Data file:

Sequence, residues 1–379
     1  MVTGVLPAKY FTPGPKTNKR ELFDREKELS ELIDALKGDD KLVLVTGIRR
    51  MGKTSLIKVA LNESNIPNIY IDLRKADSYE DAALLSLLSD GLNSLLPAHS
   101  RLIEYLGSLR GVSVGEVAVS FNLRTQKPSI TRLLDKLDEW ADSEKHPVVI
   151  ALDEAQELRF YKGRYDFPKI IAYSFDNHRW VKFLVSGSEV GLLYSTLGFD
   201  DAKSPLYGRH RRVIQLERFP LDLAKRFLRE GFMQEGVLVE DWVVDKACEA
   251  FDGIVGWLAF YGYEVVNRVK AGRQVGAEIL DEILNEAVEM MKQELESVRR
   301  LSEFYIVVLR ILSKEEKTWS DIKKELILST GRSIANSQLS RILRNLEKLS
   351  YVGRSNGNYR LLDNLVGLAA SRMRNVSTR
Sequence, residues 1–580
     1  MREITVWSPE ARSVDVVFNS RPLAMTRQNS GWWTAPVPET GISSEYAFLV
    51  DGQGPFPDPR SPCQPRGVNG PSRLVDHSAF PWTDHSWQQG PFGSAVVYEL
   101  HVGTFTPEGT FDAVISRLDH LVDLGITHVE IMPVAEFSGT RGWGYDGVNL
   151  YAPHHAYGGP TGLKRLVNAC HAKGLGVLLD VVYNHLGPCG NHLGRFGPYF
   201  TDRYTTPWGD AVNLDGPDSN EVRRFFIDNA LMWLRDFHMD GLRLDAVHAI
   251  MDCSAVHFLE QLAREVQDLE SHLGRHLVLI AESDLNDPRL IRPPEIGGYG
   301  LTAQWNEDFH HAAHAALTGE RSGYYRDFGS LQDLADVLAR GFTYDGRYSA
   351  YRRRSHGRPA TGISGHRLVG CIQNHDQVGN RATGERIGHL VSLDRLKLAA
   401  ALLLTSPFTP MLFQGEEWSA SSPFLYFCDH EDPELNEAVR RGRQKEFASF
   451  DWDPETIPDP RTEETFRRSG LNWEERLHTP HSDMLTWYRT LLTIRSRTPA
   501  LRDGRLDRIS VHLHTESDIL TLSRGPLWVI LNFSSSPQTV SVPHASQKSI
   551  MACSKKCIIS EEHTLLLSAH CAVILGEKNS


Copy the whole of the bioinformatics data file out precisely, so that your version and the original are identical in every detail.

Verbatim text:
Sequence, residues 1–379
     1  MVTGVLPAKY FTPGPKTNKR ELFDREKELS ELIDALKGDD KLVLVTGIRR
    51  MGKTSLIKVA LNESNIPNIY IDLRKADSYE DAALLSLLSD GLNSLLPAHS
   101  RLIEYLGSLR GVSVGEVAVS FNLRTQKPSI TRLLDKLDEW ADSEKHPVVI
   151  ALDEAQELRF YKGRYDFPKI IAYSFDNHRW VKFLVSGSEV GLLYSTLGFD
   201  DAKSPLYGRH RRVIQLERFP LDLAKRFLRE GFMQEGVLVE DWVVDKACEA
   251  FDGIVGWLAF YGYEVVNRVK AGRQVGAEIL DEILNEAVEM MKQELESVRR
   301  LSEFYIVVLR ILSKEEKTWS DIKKELILST GRSIANSQLS RILRNLEKLS
   351  YVGRSNGNYR LLDNLVGLAA SRMRNVSTR
Sequence, residues 1–580
     1  MREITVWSPE ARSVDVVFNS RPLAMTRQNS GWWTAPVPET GISSEYAFLV
    51  DGQGPFPDPR SPCQPRGVNG PSRLVDHSAF PWTDHSWQQG PFGSAVVYEL
   101  HVGTFTPEGT FDAVISRLDH LVDLGITHVE IMPVAEFSGT RGWGYDGVNL
   151  YAPHHAYGGP TGLKRLVNAC HAKGLGVLLD VVYNHLGPCG NHLGRFGPYF
   201  TDRYTTPWGD AVNLDGPDSN EVRRFFIDNA LMWLRDFHMD GLRLDAVHAI
   251  MDCSAVHFLE QLAREVQDLE SHLGRHLVLI AESDLNDPRL IRPPEIGGYG
   301  LTAQWNEDFH HAAHAALTGE RSGYYRDFGS LQDLADVLAR GFTYDGRYSA
   351  YRRRSHGRPA TGISGHRLVG CIQNHDQVGN RATGERIGHL VSLDRLKLAA
   401  ALLLTSPFTP MLFQGEEWSA SSPFLYFCDH EDPELNEAVR RGRQKEFASF
   451  DWDPETIPDP RTEETFRRSG LNWEERLHTP HSDMLTWYRT LLTIRSRTPA
   501  LRDGRLDRIS VHLHTESDIL TLSRGPLWVI LNFSSSPQTV SVPHASQKSI
   551  MACSKKCIIS EEHTLLLSAH CAVILGEKNS